Airlines are increasingly talking about the environment. Who knows whether it’s because they actually care, or whether it’s because they think it’s what they need to talk about. Regardless, it’s a step in the right direction.
While airlines have long given customers the option to offset their travels, some airlines are taking it a step further. For example, a few weeks ago British Airways announced that they’d carbon offset all of their domestic flights.
Well, EasyJet has just taken that to the next level…
EasyJet Carbon Offsetting All Flights
EasyJet has announced that they’ve become the first major airline in the world to offset carbon emissions from fuel used for all of their flights.
EasyJet is undertaking this carbon offsetting through schemes accredited by Gold Standard and VCS. This includes contributing towards forestry, renewable, and community based projects.
EasyJet says that carbon offsetting is only an interim measure while new technologies are developed, so the airline will continue supporting the development of hybrid and electric planes, and working towards decarbonizing aviation over the long-term.
Since 2000, EasyJet has reduced carbon emissions for each mile flown by over a third. This is not only thanks to new aircraft technology, but also thanks to introducing light weight carpets, trolleys, and seats, single engine taxiing, and removing paper manuals from aircraft.
They hope to further reduce emissions by 10% between 2016 and 2022.
EasyJet CEO Johan Lundgren said the following about this development:
“Climate change is an issue for all of us. At easyJet we are tackling this challenge head on by choosing to offset the carbon emissions from the fuel used for all of our flights starting today. In doing so we are committing to operating net-zero carbon flights across our network – a world first by any major airline.
We acknowledge that offsetting is only an interim measure until other technologies become available to radically reduce the carbon emissions of flying, but we want to take action on carbon now.
People have a choice in how they travel and people are now thinking about the potential carbon impact of different types of transport. But many people still want to fly and if people choose to fly we want to be one of the best choices they can make.”
How Much Is EasyJet Spending On This?
EasyJet is an ultra low cost carrier that carried 96 million passengers in the past year, so my first thought when I heard this news is that this new scheme must be really costly for them. That’s not to say that low cost carriers can’t lead the way with offsetting travel, but it is surprising in a way.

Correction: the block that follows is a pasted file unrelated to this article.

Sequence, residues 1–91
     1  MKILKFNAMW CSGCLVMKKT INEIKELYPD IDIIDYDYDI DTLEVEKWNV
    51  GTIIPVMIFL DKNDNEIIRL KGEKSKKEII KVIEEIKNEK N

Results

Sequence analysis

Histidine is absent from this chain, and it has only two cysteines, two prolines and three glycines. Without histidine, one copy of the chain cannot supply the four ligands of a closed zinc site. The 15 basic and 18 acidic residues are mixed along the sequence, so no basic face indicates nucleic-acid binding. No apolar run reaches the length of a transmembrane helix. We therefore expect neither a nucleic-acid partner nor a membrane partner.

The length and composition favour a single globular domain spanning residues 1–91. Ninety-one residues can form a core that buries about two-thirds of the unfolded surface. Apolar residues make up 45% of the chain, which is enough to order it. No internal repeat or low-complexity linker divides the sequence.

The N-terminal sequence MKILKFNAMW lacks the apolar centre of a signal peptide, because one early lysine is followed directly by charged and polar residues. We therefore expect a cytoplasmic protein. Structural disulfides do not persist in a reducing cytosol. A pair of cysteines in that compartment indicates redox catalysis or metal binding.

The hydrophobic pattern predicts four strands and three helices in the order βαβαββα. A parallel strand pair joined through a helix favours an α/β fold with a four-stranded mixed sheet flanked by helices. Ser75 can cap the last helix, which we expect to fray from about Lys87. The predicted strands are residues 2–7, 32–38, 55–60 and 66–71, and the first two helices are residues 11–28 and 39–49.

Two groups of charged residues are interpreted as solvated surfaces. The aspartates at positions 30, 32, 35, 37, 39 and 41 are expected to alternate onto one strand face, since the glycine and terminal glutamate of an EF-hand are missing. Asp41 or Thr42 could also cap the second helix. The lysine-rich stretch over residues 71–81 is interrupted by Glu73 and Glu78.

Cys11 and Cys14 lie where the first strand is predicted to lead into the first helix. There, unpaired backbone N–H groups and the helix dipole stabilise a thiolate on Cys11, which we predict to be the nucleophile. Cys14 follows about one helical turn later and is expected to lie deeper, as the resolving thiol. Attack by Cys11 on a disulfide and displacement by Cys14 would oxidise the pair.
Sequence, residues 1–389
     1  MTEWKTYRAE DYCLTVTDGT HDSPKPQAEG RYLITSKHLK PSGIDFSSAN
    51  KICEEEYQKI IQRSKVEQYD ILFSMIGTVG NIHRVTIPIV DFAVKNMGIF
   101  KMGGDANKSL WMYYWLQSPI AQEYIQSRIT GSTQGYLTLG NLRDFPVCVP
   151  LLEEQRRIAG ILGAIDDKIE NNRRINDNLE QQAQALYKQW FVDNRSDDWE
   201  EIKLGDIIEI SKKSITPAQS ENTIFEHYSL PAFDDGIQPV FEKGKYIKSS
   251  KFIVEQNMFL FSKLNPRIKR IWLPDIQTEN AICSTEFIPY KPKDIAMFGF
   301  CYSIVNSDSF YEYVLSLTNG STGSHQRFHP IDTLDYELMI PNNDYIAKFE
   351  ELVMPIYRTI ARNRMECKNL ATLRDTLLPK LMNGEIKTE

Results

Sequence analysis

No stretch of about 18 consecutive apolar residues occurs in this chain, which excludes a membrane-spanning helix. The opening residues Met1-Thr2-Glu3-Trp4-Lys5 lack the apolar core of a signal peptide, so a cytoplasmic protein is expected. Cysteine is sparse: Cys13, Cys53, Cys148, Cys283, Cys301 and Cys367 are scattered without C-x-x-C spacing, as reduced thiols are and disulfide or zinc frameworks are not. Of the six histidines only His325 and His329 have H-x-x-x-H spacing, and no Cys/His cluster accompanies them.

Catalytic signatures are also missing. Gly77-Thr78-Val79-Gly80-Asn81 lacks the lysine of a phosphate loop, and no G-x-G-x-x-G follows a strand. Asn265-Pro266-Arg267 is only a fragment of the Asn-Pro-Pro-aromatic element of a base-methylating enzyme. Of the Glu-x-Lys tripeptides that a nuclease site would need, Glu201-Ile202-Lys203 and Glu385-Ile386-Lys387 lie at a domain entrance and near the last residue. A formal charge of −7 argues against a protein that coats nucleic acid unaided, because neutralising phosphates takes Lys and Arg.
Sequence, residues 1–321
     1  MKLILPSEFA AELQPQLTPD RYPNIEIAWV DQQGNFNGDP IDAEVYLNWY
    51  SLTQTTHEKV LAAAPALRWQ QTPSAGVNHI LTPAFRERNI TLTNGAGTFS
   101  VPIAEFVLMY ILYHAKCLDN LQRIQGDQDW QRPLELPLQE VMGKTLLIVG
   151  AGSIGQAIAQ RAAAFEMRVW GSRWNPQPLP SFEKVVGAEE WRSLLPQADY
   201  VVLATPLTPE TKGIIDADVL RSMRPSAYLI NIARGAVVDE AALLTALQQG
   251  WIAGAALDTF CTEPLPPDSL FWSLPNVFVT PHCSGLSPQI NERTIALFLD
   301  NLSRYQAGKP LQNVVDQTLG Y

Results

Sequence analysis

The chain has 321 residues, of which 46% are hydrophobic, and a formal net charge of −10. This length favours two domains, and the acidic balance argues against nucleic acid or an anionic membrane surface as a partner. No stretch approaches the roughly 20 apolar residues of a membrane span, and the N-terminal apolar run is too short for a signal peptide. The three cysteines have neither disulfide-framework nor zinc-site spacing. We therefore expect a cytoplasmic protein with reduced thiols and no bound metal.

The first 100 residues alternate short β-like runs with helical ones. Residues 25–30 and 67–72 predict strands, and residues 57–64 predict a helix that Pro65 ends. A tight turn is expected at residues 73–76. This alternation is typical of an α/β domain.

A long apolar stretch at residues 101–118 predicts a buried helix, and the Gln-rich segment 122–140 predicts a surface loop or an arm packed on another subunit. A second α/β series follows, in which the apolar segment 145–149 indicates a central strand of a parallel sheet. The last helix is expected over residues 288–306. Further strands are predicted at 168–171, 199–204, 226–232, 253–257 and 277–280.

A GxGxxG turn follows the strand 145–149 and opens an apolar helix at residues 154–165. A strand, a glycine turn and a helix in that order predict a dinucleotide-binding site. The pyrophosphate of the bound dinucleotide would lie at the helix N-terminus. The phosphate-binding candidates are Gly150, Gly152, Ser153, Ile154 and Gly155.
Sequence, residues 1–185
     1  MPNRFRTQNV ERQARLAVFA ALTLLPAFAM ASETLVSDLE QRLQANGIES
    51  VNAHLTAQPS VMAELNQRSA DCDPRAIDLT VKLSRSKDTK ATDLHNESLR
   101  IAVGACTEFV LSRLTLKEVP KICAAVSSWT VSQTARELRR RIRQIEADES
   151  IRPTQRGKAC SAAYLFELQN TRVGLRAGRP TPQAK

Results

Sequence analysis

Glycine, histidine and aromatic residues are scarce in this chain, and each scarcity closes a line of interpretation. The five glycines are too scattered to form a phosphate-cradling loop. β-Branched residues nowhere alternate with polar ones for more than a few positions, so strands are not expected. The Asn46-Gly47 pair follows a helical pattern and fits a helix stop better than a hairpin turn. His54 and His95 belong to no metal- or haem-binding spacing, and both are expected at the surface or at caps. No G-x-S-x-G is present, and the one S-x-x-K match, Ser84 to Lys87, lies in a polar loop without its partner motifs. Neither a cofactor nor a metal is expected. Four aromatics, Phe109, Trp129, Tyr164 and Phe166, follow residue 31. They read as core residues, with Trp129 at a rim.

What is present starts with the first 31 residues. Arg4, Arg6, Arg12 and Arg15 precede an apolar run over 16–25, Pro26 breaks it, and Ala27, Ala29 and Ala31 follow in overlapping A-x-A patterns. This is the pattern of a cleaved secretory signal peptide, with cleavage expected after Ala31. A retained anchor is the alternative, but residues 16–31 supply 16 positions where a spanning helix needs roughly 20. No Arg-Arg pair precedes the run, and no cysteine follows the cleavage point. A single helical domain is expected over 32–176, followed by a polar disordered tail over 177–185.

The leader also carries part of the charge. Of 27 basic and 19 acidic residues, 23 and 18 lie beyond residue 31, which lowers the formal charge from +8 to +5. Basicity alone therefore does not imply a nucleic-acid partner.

So, how much is this costing the airline? EasyJet says that they’ll be spending about £25 million per year between their carbon offset scheme, as well as their work to support new environmentally-friendly technology.
That’s less than I would have expected. Now that I’m doing research, though, it seems it’s not that far off. For example, British Airways offsetting all of their domestic flights is costing them about £3 million per year.
Here’s how EasyJet says the new program works in practice:
The vast majority (around 85%) of easyJet’s carbon footprint is due to the use of aviation fuel to power flight. easyJet constantly measures exactly how much fuel is used for its flights, and thus how much CO2 is produced, which is 3.157 kilograms of CO2 for every kilogram of aviation fuel used. Further, we use well known aviation standards and benchmarks to estimate the amount of other greenhouse gases we generate, and account for them on a CO2 equivalent basis. We then offset this quantity of CO2 by purchasing carbon credits which have a measured impact on carbon reduction.
Ultimately none of this is a perfect solution, as the science behind a lot of these offset schemes is somewhat debatable (not whether it makes sense to do something, but rather the methods that are used).
It sure seems to me like EasyJet is paying significantly less per passenger/flown mile than most carbon offset programs suggest, though perhaps they’ve found a way to cut costs there. I’d expect no less from an ultra low cost carrier. ?
Whether it’s a perfect solution or not, it’s certainly commendable that one of the world’s biggest ultra low cost carriers is now offsetting all of their flights. EasyJet will be spending about £25 million per year between their carbon offset scheme, as well as their work to support new environmentally-friendly technology.
Well done, EasyJet!